OpenCV  4.1.0-dev
Open Source Computer Vision
Discrete Fourier Transform

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Source code

Here's a sample usage of dft() :


The Fourier Transform will decompose an image into its sinus and cosines components. In other words, it will transform an image from its spatial domain to its frequency domain. The idea is that any function may be approximated exactly with the sum of infinite sinus and cosines functions. The Fourier Transform is a way how to do this. Mathematically a two dimensional images Fourier transform is:

\[F(k,l) = \displaystyle\sum\limits_{i=0}^{N-1}\sum\limits_{j=0}^{N-1} f(i,j)e^{-i2\pi(\frac{ki}{N}+\frac{lj}{N})}\]

\[e^{ix} = \cos{x} + i\sin {x}\]

Here f is the image value in its spatial domain and F in its frequency domain. The result of the transformation is complex numbers. Displaying this is possible either via a real image and a complex image or via a magnitude and a phase image. However, throughout the image processing algorithms only the magnitude image is interesting as this contains all the information we need about the images geometric structure. Nevertheless, if you intend to make some modifications of the image in these forms and then you need to retransform it you'll need to preserve both of these.

In this sample I'll show how to calculate and show the magnitude image of a Fourier Transform. In case of digital images are discrete. This means they may take up a value from a given domain value. For example in a basic gray scale image values usually are between zero and 255. Therefore the Fourier Transform too needs to be of a discrete type resulting in a Discrete Fourier Transform (DFT). You'll want to use this whenever you need to determine the structure of an image from a geometrical point of view. Here are the steps to follow (in case of a gray scale input image I):

Expand the image to an optimal size

The performance of a DFT is dependent of the image size. It tends to be the fastest for image sizes that are multiple of the numbers two, three and five. Therefore, to achieve maximal performance it is generally a good idea to pad border values to the image to get a size with such traits. The getOptimalDFTSize() returns this optimal size and we can use the copyMakeBorder() function to expand the borders of an image (the appended pixels are initialized with zero):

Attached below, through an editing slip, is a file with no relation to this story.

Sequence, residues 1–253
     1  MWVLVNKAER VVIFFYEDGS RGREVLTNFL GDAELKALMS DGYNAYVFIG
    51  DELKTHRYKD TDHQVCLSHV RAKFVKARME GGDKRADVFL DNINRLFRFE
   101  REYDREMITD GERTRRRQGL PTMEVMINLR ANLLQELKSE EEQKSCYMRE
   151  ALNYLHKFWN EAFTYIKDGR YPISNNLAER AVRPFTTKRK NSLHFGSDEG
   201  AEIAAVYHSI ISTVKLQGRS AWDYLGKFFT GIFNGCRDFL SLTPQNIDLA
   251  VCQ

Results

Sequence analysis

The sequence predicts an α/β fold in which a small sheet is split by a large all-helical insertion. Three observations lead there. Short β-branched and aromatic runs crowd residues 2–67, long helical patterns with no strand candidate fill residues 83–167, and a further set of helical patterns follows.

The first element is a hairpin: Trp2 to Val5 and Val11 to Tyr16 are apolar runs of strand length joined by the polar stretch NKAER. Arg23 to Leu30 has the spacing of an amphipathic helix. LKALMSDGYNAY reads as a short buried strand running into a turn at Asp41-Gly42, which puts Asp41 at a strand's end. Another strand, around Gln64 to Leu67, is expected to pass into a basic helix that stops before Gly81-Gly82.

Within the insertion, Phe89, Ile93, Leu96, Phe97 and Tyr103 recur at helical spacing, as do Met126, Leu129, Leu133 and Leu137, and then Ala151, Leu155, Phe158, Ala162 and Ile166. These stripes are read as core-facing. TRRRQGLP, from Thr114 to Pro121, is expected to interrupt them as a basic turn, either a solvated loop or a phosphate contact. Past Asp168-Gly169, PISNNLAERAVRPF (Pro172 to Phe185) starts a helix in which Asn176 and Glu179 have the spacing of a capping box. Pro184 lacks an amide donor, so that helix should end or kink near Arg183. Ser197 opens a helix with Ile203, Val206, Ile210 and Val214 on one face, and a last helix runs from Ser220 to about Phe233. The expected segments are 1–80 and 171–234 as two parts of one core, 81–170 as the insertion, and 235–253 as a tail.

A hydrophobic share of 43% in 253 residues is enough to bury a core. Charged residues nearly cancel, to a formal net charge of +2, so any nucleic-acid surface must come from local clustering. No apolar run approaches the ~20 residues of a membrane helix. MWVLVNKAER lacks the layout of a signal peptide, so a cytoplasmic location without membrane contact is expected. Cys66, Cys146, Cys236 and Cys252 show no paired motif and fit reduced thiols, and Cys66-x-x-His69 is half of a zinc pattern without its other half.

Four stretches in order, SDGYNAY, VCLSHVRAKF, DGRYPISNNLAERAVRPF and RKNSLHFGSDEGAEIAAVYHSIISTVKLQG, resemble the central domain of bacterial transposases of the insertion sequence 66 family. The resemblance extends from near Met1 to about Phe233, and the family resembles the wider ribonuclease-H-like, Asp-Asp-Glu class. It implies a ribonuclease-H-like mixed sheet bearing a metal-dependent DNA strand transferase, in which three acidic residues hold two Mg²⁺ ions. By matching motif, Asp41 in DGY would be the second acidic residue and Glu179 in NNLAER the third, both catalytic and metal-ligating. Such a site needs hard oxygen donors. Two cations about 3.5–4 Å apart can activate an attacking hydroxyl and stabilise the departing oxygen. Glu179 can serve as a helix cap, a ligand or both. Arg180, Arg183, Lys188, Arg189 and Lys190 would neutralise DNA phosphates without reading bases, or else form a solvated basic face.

Make place for both the complex and the real values

The result of a Fourier Transform is complex. This implies that for each image value the result is two image values (one per component). Moreover, the frequency domains range is much larger than its spatial counterpart. Therefore, we store these usually at least in a float format. Therefore we'll convert our input image to this type and expand it with another channel to hold the complex values:

Make the Discrete Fourier Transform

It's possible an in-place calculation (same input as output):

Transform the real and complex values to magnitude

A complex number has a real (Re) and a complex (imaginary - Im) part. The results of a DFT are complex numbers. The magnitude of a DFT is:

\[M = \sqrt[2]{ {Re(DFT(I))}^2 + {Im(DFT(I))}^2}\]

Translated to OpenCV code:

Switch to a logarithmic scale

It turns out that the dynamic range of the Fourier coefficients is too large to be displayed on the screen. We have some small and some high changing values that we can't observe like this. Therefore the high values will all turn out as white points, while the small ones as black. To use the gray scale values to for visualization we can transform our linear scale to a logarithmic one:

\[M_1 = \log{(1 + M)}\]

Translated to OpenCV code:

Crop and rearrange

Remember, that at the first step, we expanded the image? Well, it's time to throw away the newly introduced values. For visualization purposes we may also rearrange the quadrants of the result, so that the origin (zero, zero) corresponds with the image center.


This is done again for visualization purposes. We now have the magnitudes, however this are still out of our image display range of zero to one. We normalize our values to this range using the cv::normalize() function.


An application idea would be to determine the geometrical orientation present in the image. For example, let us find out if a text is horizontal or not? Looking at some text you'll notice that the text lines sort of form also horizontal lines and the letters form sort of vertical lines. These two main components of a text snippet may be also seen in case of the Fourier transform. Let us use this horizontal and this rotated image about a text.

In case of the horizontal text:


In case of a rotated text:


You can see that the most influential components of the frequency domain (brightest dots on the magnitude image) follow the geometric rotation of objects on the image. From this we may calculate the offset and perform an image rotation to correct eventual miss alignments.